Petone Central School

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Written by Petone Central School

Digital Technology

Posted on 16 March 2022

Digital Technologies are now a compulsory part of the New Zealand Curriculum. When this first became part of the curriculum we did run a parents evening to share some of the ways digital technologies would be taught in our classes, however we are also aware some of you were not part of our school family at that time. We are unable at this time to run another parents evening, so here’s a quick update on what it is and how we teach it. 


Digital Technology is not just about using devices, although this is a small part of it. 


The two main areas of digital technologies are:

  1. Computational Thinking

  2. Designing and Developing Digital Outcomes


Computational Thinking

Students learn to use decomposition skills to break down simple non-computerised tasks into precise, step-by-step instructions (algorithmic thinking). They give these instructions, identify any errors in them as they are followed and correct them (debug). Students understand that there can be more than one algorithm for the same problem. Students will develop and debug ‘programs’ that use inputs, outputs, sequence and iteration (repeating part of an instruction with a loop).  Instructions need to be precise and clear, so practicing giving and following instructions is important too.

Students sort, create patterns and organise.

Students learn digital language and symbols. 

Students understand that digital devices store data using two states represented by binary digits (bits).

Computational thinking is mostly taught without the use of devices (unplugged).


Designing and Developing Digital Outcomes

Students may develop, manipulate, store, retrieve and share digital content in order to meet technological challenges. These outcomes and the thinking behind them are often begun offline. Some aspects may use devices to create the digital content aspect, but much is carried out without devices.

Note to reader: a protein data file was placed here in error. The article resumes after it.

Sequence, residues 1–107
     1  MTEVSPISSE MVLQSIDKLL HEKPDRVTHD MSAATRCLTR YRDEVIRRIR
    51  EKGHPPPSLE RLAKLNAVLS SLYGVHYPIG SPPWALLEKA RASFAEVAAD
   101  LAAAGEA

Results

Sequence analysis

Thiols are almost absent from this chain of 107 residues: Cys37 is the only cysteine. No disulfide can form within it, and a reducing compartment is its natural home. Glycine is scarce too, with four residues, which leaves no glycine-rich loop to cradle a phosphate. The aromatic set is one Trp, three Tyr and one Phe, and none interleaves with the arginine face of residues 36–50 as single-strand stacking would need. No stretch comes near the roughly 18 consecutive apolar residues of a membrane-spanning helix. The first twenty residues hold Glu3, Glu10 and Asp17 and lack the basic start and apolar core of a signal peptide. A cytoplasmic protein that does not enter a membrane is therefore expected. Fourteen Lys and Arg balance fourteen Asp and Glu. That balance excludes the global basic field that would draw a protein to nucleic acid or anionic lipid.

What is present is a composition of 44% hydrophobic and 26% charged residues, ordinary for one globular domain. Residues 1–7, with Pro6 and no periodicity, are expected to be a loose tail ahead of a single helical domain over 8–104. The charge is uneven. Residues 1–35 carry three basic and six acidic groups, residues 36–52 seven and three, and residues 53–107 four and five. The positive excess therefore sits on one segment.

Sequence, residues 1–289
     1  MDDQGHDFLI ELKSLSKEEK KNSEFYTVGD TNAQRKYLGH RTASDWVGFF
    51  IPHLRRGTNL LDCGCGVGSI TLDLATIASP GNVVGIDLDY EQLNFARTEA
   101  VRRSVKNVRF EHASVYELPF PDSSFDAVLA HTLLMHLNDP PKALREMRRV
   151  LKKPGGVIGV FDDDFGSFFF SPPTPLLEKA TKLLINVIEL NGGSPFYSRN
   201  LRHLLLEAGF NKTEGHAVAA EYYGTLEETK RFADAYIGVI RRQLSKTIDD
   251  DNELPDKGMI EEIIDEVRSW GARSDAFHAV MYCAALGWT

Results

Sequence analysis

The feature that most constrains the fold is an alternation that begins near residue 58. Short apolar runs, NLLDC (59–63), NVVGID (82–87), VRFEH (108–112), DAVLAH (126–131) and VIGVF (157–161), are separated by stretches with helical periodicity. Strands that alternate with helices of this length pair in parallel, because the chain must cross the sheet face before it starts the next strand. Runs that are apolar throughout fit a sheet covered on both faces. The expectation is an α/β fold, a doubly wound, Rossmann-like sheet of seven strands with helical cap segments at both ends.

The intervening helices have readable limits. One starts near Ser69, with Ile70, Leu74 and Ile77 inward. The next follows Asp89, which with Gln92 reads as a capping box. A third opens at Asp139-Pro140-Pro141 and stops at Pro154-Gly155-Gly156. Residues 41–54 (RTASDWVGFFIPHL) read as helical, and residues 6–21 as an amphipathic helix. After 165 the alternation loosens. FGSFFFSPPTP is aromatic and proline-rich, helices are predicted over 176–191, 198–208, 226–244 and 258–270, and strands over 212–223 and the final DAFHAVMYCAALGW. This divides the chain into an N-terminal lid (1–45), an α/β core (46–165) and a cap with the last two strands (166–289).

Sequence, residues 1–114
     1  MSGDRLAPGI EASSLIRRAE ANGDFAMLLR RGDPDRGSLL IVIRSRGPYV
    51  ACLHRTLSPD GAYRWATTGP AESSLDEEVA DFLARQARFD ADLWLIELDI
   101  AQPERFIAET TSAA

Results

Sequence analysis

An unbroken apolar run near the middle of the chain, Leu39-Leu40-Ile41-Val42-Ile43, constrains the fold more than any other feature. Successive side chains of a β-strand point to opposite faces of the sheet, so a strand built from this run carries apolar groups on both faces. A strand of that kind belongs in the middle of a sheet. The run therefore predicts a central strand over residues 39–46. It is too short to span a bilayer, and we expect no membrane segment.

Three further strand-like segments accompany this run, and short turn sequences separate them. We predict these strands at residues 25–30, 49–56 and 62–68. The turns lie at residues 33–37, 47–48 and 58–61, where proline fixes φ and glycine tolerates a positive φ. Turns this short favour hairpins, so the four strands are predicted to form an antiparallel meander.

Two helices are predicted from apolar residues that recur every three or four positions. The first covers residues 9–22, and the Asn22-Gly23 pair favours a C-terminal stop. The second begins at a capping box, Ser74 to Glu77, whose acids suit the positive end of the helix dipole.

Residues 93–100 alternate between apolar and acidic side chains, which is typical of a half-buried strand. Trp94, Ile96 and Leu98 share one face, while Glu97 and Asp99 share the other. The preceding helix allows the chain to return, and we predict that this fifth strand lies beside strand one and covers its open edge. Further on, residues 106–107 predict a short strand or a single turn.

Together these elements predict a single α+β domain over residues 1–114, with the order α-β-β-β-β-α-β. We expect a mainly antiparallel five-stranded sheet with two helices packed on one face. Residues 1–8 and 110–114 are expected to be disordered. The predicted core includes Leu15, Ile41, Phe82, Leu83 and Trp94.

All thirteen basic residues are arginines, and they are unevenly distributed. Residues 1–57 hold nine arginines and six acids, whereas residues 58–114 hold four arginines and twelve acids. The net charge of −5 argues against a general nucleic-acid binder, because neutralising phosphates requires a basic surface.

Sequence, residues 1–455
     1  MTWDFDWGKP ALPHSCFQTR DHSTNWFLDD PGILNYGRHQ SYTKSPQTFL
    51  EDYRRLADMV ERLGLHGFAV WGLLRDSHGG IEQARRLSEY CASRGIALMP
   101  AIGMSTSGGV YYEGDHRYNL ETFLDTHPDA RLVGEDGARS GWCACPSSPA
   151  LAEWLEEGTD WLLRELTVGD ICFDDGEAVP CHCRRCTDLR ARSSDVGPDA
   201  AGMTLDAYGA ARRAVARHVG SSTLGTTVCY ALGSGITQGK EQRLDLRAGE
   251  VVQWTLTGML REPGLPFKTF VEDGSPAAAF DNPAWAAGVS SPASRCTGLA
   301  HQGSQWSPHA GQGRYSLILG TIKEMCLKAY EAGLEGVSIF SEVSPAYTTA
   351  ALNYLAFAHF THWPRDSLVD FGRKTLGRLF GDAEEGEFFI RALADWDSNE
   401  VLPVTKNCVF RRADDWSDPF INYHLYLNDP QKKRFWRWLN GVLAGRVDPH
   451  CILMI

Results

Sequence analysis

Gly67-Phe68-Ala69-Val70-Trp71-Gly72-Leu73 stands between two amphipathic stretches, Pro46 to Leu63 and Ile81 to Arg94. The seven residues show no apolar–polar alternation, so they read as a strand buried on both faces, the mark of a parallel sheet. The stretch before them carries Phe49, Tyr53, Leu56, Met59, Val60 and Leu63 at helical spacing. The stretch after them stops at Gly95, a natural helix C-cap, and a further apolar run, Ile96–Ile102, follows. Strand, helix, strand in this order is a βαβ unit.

Below are some examples of this area in action:


  1. Undertaking technology/STEM challenges:

E.g., Where students are faced with a problem such as making a paper aeroplane fly the 

furthest distance, then design and create ever improving planes in order to better meet the challenge. Students would apply engineering, mathematical, and scientific thinking and design in order to improve the outcome of how far their plane flies.


  1. Stop Motion animation:

E.g., Where students use modelling clay, toys, backgrounds etc to create and take a sequence of still pictures that are then put together to produce the outcome of a short ‘movie’, turning still images into animation.


  1. Robotics:

E.g., Where students use algorithms (step-by-step instructions) to programme a robot/toy to make it move to the desired place or to undertake the desired steps.


Here are some pictures of come Digital Technology that has been taught so far this year:



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